4 Apr 2010, 9:38am
Restoring cultural landscapes Saving Forests
by admin

Easter Sunday Sunrise at Honomalino Beach

Reposted from SOS Forests, Version 1, April 15th, 2006

Honomalino Bay, one of the most protected bays in South Kona, once supported a large fishing and farming community. Numerous pre-contact cultural sites are located along the perimeter of the bay and in the amphitheater-shaped gulch inland of the sand beach. …

Low sea cliffs line most of the water’s edge of Honomalino, but a beautiful pocket beach is set into the northern corner of the bay. The beach consists primarily of black sand, but it appears gray because of an admixture of olivines and calcareous white sand. A shallow sand bar fronts the beach, but drops off quickly on the seaward side to overhead depths and a flat, rocky ocean bottom. … An extensive cocoanut grove, perpetuated by regular replanting by the area residents, covers both the backshore of the beach and adjoining Kapalua Point. Sand drifts extend a considerable distance from the nearshore vegetation into the inland kiawe groves. …

Honomalino Bay cannot be reached from the Hawai’i Belt Highway without a vehicle with four-wheel drive and without crossing private property. There is no convenient public access.

-– from Beaches of the Big Island, by John R.K. Clark. Univ. of Hawaii Press, 1985.

The ocean snores at Honomalino.

At night the only sound is the rhythmic rumble of the surf, crashing and foaming every 10 to 15 seconds. Snoring people make the most noise on the inhale; the ocean makes the most noise on the exhale, sonorously breathing out the energy of ocean swells in curling drumbeats on the sand. The waves rise and fall in a chorus line, closing their hollow tubes like long zippers around the half moon of Honomalino Beach.

Just before dawn on Easter Sunday, in a handful of colorful dome and tarpaulin tents set back in the coconut grove, sleepy campers sit up, rub their eyes, and huddling in their sleeping bags, gaze out through tent flaps at the vast Pacific Ocean. Honomalino is on the leeward side, the western side of the Big Island. The sun rises, at Honomalino, behind the huge shield of Mauna Loa, and strikes the water first while the beach and coconut grove are still shadowed in twilight. The shining ocean, the cool dawn breeze off the water, and the hypnotic snoring of the surf make it very difficult to shrug off the sleepiness.

This being Easter Sunday, however, efforts are made. Short, fat candles are lit and placed in the sand in front of tents. Prayers are said, silently and individually, by the early risers. Then one by one or in small groups, the people walk slowly down to the water, wade into the waist-high surf, and perform ablutions.

Splashing water in ritual bathing, and chanting ancient Hawaiian invocations and supplications, the worshipers sing praises first to the sea, and then turning their backs to the waves, sing praises to the island. A couple, bound at the waist by a silky white rope made of native fibers, wade together into the waves and renew their vows, to the sea, the land, the sky, and to each other.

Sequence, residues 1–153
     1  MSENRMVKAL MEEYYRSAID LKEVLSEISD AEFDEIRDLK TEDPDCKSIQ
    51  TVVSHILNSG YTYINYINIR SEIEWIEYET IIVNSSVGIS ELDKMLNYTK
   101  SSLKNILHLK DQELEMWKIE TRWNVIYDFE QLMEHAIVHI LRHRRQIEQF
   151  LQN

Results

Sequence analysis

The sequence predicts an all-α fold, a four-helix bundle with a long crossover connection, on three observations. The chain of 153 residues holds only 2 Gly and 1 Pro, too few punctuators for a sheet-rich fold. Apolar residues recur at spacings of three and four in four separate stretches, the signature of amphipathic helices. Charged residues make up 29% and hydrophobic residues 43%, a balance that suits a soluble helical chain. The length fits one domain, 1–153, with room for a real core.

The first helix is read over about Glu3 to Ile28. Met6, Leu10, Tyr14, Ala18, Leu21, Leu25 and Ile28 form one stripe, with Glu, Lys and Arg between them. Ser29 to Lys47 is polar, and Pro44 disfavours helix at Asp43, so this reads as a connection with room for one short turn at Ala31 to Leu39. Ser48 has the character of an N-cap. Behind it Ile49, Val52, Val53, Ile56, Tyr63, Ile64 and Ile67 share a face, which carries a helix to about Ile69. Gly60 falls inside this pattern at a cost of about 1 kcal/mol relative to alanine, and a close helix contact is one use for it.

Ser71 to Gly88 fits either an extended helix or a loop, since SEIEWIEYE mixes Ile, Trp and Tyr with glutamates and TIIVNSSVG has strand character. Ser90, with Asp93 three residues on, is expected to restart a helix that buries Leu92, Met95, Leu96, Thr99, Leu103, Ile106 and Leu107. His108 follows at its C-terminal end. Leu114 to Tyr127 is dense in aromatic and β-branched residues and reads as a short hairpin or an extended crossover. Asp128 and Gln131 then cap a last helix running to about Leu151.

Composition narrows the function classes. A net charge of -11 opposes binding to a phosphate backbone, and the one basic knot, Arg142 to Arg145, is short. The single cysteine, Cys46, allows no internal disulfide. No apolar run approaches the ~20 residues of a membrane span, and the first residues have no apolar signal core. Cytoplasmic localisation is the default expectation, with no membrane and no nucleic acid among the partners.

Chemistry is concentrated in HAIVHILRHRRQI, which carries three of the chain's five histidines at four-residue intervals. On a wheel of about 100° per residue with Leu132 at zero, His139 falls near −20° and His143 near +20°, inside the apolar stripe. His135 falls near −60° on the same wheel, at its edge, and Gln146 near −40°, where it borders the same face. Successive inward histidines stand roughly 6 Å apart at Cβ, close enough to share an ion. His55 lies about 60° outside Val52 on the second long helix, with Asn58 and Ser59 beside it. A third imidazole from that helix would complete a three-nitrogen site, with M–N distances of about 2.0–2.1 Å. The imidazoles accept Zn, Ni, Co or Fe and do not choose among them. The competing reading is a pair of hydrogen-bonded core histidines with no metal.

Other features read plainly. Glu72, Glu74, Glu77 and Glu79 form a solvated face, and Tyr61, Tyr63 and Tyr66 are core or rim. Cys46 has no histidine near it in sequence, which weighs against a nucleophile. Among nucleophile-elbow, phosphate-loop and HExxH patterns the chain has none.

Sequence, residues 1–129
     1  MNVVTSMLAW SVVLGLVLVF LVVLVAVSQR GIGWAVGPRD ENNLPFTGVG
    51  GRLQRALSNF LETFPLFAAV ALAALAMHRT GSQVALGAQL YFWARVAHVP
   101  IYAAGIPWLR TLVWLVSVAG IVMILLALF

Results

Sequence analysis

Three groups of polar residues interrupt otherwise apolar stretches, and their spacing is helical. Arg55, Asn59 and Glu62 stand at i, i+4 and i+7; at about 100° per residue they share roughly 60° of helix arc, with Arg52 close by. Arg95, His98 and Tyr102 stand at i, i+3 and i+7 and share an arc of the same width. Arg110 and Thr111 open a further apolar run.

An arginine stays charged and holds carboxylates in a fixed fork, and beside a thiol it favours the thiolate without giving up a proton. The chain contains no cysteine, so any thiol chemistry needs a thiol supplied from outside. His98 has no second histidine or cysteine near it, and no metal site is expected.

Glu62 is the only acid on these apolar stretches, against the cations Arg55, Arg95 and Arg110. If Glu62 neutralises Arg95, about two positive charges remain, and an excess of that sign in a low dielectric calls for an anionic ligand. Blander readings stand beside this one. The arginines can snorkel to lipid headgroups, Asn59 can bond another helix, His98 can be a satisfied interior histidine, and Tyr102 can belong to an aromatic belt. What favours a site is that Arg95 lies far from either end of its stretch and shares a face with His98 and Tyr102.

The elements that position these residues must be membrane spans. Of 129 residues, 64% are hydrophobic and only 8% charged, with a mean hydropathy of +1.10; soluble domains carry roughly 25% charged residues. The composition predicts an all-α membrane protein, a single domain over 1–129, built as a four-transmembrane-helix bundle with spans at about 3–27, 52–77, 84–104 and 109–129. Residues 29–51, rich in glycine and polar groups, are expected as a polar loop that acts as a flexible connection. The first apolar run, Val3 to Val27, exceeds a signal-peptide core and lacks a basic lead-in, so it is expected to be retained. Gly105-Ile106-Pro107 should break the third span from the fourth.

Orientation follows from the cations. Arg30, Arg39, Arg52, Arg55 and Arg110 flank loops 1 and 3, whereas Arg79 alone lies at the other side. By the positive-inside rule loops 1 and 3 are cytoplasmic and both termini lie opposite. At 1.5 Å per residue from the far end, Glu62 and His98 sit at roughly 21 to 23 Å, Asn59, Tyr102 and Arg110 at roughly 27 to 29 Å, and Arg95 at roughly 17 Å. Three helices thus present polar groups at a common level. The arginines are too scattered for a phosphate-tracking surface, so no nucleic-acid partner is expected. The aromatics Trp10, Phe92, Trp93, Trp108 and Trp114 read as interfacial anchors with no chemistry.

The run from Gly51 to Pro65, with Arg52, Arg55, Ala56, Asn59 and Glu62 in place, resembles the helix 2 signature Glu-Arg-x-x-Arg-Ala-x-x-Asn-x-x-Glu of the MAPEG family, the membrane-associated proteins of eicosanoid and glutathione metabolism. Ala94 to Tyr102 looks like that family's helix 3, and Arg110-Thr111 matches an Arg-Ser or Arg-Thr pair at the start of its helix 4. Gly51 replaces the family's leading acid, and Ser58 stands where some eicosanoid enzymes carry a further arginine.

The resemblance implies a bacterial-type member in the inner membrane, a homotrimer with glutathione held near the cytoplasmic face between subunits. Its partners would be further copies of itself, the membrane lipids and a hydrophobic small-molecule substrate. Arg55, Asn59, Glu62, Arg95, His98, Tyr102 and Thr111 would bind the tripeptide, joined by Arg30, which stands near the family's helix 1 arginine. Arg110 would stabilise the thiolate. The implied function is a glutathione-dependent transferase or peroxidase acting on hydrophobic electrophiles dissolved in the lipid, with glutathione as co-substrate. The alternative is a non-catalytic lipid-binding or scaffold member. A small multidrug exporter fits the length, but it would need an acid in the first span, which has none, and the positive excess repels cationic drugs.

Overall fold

A young man, large and strapping with long black hair over his shoulders, marches into the surf. He shouts his vows over the ocean’s roar and beats his flattened palms against the water. Throwing spray high above his head, he forms sparkling halos in the side-shafting morning sunlight. Devotions complete, he backs out of the water, always facing the sea in a gesture of respect and brotherhood. Back on damp sand, he turns, bends down, and scratches something in the sand with his finger.

He has written PA’A.

PA’A is Hawaiian for steadfastness, to hold on tight, the way a limpet clings to the rock. Even the endless, pounding surf cannot break the mighty grip of the tiny limpet. That is PA’A.

Children start to gather near the water. Little kids, toddlers even, begin to dig and splash and generally frolic in the frothy skim flowing up and back, up and back. Under the coconut trees, large women in flowered muumuus open ice chests and place enormous quantities of food on rickety picnic tables. Barbeques are lit, and the faint aroma of lighter fluid and burning briquettes spice the sea breeze. It is going to be one heck of a great breakfast. Laughter, chatter, and Hawaiian music from assorted boom boxes obscure the rumbles of the waves. The ocean keeps on snoring anyway, seemingly oblivious.

In the dawning light of Easter Sunday morning at Honomalino Beach, vows are made in front of God and Man. Bonds are reconfirmed, and commitments recommitted. Symbolic acts of devotion, love, and celebration, and expressions of unwavering resolve, are performed where sea meets land meets sky meets the caretakers, God’s Children, the keepers of the Promise, the tenders of Creation.

4 Apr 2010, 9:38am
by Mike


The earth, the solid foundation


The heavens, the starry firmament

pa’a ‘oia ma ka pono

Steadfast in righteousness, strongly attached to the truth



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